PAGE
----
With graduation fast approaching at universities across the country, many international students will be entering the U.S workforce for the first time. If you're one of these students, you might have a fair amount of anxiety around joining the U.S workforce, especially if you're not used to working with Americans. Depending on the culture in which you grew up, Americans might seem aggressive. And depending on how reserved you are, you might worry about "fitting in." To help you adjust to... Read More >

5 Tips for Writing Your Resume's 'Additional Information' Section

by Vault Careers  |  May 02, 2016

When applying to certain jobs, you'll often find it necessary to create an "Additional Information" section on your resume. This happens when you have information that you want to include on your resume that doesn't quite fit into your "Education" or "Work Experience" sections. This type of information might include volunteer work, professional memberships, special assignments, expertise outside traditional categories, hobbies, interests, and/or other related information. How to include... Read More >

7 Tips for Working from Home

by Vault Careers  |  April 27, 2016

When I started my career over 30 years ago, I never would've imagined I'd be working remotely from a home office in the mountains out West for an East Coast-based company. Cell phones didn't exist, the Internet didn't exist, and personal computers only existed in the imaginations of entrepreneurs like Steve Jobs and Bill Gates. But now, all these years later, having spent a good amount of my career working from home, thanks to numerous advances in technology, I've become an experienced-and,... Read More >

3 Careers to Save the World

by Vault Careers  |  April 27, 2016

Although you might not have super-human strength, the ability to read minds, or lightning speed, you do have the capability to make significant changes for the betterment of both the human population and the world in general. To that end, while professionals in the below careers don't wear capes or have impressive superhero names, they're often responsible for the improvement of thousands of lives. And so, if you're looking to save the world, you'll want to give these three careers a... Read More >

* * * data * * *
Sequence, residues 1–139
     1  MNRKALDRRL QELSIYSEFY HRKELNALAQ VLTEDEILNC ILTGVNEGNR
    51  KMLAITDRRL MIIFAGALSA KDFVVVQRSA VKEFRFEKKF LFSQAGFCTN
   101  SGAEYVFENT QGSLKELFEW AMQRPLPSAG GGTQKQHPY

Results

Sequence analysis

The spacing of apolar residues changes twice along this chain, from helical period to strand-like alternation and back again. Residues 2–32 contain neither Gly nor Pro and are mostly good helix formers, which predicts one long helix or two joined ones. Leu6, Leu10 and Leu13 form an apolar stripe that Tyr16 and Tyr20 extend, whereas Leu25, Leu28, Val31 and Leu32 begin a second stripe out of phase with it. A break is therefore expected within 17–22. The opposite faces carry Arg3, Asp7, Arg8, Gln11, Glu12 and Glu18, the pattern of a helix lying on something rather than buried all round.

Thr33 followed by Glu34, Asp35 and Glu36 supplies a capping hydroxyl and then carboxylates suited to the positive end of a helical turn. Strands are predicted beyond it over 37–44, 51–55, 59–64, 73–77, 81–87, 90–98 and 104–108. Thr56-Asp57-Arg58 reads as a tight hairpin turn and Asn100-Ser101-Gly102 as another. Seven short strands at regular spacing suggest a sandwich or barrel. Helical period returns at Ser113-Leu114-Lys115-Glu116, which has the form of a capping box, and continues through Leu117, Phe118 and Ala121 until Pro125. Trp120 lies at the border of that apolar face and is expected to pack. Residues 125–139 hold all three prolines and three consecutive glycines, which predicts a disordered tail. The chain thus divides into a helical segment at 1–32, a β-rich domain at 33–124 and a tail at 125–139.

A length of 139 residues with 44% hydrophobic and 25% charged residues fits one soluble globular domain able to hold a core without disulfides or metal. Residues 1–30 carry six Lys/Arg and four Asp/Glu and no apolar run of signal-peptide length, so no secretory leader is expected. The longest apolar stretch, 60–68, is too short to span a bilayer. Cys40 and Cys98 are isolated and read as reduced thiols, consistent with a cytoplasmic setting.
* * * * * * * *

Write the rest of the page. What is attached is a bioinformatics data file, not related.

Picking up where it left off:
Q&A with a Stanford Grad Who Founded Her Own Venture Capital Firm

by Vault Careers  |  April 20, 2016

Jennifer Carolan, co-founder and general partner at Reach Newschools Capital, is also a former managing partner at NewSchools Venture Fund.  VAULT: Can you tell us a little about yourself? What made you want to enter this career?  CAROLAN: Growing up in Chicago, I didn't know about venture capital. I only learned about it in graduate school at Stanford University when I heard Kim Smith, the founder of NewSchools Venture Fund, speak. She talked ab Read More >

Should You Write Thank You Letters After Rejections?

by Vault Careers  |  April 18, 2016

Your interview went well and you did everything correctly, but you still received that letter or phone call stating that you weren't chosen for the position. This will happen. Not every job is for you, and not every interview will result in a job offer. However, you can still use a thank you letter to your advantage. First, it helps to avoid burning any bridges. Second, if you're still interested in the company, you can express this in your letter. Third, you never know if the person who... Read More >